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Xuluprophet brings community together for Deep Center
Funk band stages benefit at Sulfur Studios with a cast of local talent

Deep Center Charity Concert @Sulfur Studios

Fri., Nov. 16, 8 P.M., $10

SAVANNAH'S Xuluprophet is set to headline a benefit at Sulfur Studios, furthering the efforts they’ve made since forming to give back to the community in big and small ways.

This time, they’ll be bringing along a cast of talented local musicians and doing it all in support of Deep Center, a nonprofit that aims to tackle the issue of illiteracy in Savannah and the effect poverty has on it.

“Deep Center empowers Savannah’s young people to thrive as learners, community leaders, and agents of change. Through creative writing, cultural production, and art, Deep creates platforms for the city’s youth and the village of support around them, including their families and adult allies, to share stories, engage in debates, and make Savannah a more just and equitable place,” the organization says in a statement.

The connection between Xuluprophet and Deep Center was made thanks to a close friend who recommended them to the band.

“My roommate died in January, and before she died she was really behind the scenes in how to strategize and execute this [music] business,” singer Xulu Jones tells us. “Last year – her nickname was Rainbow Witch – I said, ‘Look here, Rainbow Witch. Which one of these charities are we going to give some money to?’ And she said, ‘I think Deep Center will be the one.’”

Jones says that the idea to put a priority on charity events came from a conversation he had with a band that was touring in town a few years ago. The conversation became focused on the idea of bands donating shows more frequently to causes that they care about, and Jones says he carried that idea with him from that day forward.

“The charities we support are Deep Center, Safe Shelter - the Center for Domestic Violence, and Loop It Up Savannah,” he says. “I don’t really give a fuck much about adults, man. Grown folks make their own beds. But children? They don’t get to fill out an application for who their parents are or what their situation is. The only way I can look at myself in the mirror and call myself a man is if I defend the people who aren’t able to defend themselves.”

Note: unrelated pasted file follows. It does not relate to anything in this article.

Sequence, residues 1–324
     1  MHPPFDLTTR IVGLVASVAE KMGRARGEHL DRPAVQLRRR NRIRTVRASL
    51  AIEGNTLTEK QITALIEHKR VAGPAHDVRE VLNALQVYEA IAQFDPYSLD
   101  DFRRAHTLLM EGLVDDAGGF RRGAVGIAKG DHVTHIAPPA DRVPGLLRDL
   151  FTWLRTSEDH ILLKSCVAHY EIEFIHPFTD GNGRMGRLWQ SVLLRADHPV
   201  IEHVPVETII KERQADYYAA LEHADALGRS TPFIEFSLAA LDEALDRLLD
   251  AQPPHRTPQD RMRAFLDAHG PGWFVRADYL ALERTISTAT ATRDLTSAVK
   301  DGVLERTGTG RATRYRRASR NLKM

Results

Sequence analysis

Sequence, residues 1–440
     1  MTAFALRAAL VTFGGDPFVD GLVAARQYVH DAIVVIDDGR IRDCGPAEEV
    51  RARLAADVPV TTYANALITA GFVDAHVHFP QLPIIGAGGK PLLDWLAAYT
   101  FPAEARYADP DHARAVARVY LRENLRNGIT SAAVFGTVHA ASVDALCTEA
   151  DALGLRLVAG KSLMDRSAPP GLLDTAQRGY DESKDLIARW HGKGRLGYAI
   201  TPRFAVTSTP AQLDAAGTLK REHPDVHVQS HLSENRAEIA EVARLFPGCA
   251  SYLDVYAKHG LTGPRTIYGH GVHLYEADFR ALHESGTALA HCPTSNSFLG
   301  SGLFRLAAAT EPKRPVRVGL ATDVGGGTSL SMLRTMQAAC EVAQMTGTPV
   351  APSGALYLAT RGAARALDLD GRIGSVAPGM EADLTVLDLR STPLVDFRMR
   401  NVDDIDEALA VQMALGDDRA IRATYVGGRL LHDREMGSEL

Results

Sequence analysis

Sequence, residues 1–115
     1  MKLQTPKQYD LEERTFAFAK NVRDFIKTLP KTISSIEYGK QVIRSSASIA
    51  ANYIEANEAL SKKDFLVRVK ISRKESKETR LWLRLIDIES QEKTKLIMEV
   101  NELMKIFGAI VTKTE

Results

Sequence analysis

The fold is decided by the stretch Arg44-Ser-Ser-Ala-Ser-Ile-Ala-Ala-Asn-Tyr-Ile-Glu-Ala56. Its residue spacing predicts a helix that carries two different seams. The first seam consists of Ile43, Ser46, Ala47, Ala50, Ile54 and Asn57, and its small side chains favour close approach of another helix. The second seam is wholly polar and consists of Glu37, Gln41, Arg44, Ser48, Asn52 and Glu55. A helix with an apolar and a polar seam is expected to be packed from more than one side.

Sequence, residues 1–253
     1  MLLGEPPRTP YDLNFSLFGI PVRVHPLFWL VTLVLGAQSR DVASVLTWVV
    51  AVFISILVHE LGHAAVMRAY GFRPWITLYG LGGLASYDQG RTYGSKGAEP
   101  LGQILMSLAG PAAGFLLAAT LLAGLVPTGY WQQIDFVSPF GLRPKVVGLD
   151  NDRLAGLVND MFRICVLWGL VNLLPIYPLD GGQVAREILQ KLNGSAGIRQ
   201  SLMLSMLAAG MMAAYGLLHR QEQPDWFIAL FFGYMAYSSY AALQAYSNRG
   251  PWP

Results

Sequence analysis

Deep Center will get half of the proceeds from the door at the show, with the bands splitting the rest. The lineup, which includes Clay Hodges, Colonial FX, and FAMLe in addition to Xuluprophet, has a history together that makes the event special to all involved.

“Clay Hodges and me did some work a year or two ago together for LB4 & After, Linda Wilder Bryan’s organization that she put together trying to save Savannah kids from street violence,” he says.

“And AJ and his crew that own Sulfur Studios – when I first met them I was a damn hobo, man. Playing my guitar on the river for pennies. And they were all baristas at The Sentient Bean. Which is where I met my roommate, who set us on this path of mutually beneficial selfishness.”

Jones makes it a point to say that the artists involved in the event are sacrificing a lot by supporting such an important cause as Deep Center – particularly given the fact that they’ll be splitting 50 percent profit among all of them.

“We’re selling tickets for $10,” he says. “Half of that automatically goes to Deep, and the bands are splitting the rest. So you’ve got four music acts splitting $5 a head. That is in no part a successful formula for any musician, but they’re doing this without hesitation. All I did was ask, and they all said yes.”